|Wooden's Wisdom - Volume 12||Issue 584|
|Craig Impelman Speaking | Championship Coaches | Champion's Leadership Library Login|
STAY POSITIVE – KEEP MOVING FORWARD (HARRIET TUBMAN)
John Wooden Video Clip (92 sec.): Coach Wooden is asked: "What is the significance of doing your personal best?"
Harriet Tubman (1822 - 1913) was an extraordinary American hero. Born into slavery, Tubman escaped from slavery in 1849 and subsequently made some thirteen missions to rescue approximately 70 slaves.
In 1869, to raise money for the home she was running that sheltered orphans and homeless people of all races and religions, Tubman wrote a biography with Susan Bradford. In her book, "Bound for the Promised Land", Kate Clifford Larson related a story Tubman told her biographer:
"When she was eight years old, Tubman worked as a house servant to a young married woman, Miss Susan. Harriet, young and untrained, was ordered to sweep and dust the floors and furniture. She swept with all her strength, raising a tremendous dust. The moment she had finished sweeping, she took her dusting cloth, and wiped everything spotless.
The dust which she had set flying only settled down again on chairs, tables and the piano. Seeing only the settled dust, Susan suspected that Harriet had not done her work. Taking the whip from the mantle, Susan beat Harriet repeatedly on the "head and face and neck." While enduring a fifth beating, little Harriet received a momentary reprieve.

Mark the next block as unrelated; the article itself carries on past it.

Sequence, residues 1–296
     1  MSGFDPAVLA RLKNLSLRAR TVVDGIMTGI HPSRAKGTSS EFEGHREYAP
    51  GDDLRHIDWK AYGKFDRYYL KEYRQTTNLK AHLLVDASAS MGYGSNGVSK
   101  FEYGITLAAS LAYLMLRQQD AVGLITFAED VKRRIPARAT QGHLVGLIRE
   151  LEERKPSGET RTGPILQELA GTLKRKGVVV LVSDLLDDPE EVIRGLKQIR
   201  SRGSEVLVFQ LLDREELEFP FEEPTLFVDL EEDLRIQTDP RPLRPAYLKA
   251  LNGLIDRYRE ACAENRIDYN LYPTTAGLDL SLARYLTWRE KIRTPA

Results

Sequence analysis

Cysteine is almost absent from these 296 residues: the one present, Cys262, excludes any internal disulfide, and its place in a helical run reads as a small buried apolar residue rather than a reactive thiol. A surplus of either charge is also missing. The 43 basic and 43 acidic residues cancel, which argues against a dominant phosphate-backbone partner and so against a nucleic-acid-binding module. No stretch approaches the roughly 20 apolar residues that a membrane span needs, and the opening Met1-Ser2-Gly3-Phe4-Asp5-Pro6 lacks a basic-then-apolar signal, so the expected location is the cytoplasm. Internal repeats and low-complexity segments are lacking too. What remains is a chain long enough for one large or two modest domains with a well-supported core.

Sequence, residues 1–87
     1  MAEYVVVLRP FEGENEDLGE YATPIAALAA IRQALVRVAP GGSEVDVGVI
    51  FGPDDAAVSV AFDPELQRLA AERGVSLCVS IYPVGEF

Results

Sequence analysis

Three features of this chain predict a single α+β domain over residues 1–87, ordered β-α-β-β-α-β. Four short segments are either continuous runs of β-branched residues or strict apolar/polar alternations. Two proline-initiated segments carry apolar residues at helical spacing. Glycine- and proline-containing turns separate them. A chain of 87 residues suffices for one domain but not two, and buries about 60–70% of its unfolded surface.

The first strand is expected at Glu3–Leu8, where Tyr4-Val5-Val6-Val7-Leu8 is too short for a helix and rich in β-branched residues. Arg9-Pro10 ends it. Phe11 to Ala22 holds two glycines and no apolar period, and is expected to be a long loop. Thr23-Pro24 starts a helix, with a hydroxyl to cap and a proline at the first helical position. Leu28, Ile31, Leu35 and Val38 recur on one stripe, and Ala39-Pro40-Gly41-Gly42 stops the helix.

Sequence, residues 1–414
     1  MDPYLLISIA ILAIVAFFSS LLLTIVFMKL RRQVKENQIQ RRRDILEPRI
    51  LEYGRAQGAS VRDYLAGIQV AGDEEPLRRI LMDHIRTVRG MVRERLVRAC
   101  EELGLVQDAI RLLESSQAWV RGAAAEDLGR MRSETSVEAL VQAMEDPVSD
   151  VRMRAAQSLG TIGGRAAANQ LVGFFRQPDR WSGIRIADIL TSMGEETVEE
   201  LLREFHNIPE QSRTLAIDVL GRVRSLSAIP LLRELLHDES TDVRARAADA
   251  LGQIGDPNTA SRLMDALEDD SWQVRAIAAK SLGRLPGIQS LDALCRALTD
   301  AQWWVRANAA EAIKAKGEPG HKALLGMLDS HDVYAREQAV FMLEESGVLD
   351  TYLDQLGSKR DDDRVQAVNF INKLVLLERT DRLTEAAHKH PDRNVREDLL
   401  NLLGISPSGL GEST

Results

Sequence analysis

Susan's sister Emily appeared at the door. Emily scolded her sister for her cruelty and impatience. Emily instructed Harriet on how to clean the room properly to prevent the dust from resettling on the furniture. Emily's kind instructions to the child saved Harriet her whippings for that day as they did for many a day after.
Instructive and moralizing, this tale offered nineteenth-century readers two versions of the southern slave mistress, one wicked and cruel, the other saintly and patient."
Harriet insisted on the story of a kind southerner because she wanted to offer encouragement to the northern public for reconciliation after the Civil War as early as 1869.
Rather than being bitter, Harriet Tubman always communicated in a way that she hoped would help others: "Stay Positive and Move Forward".
Yours in Coaching,
The New Year
Come you with dangers to fright us? or hazards
Edgar Albert Guest (1881-1959)
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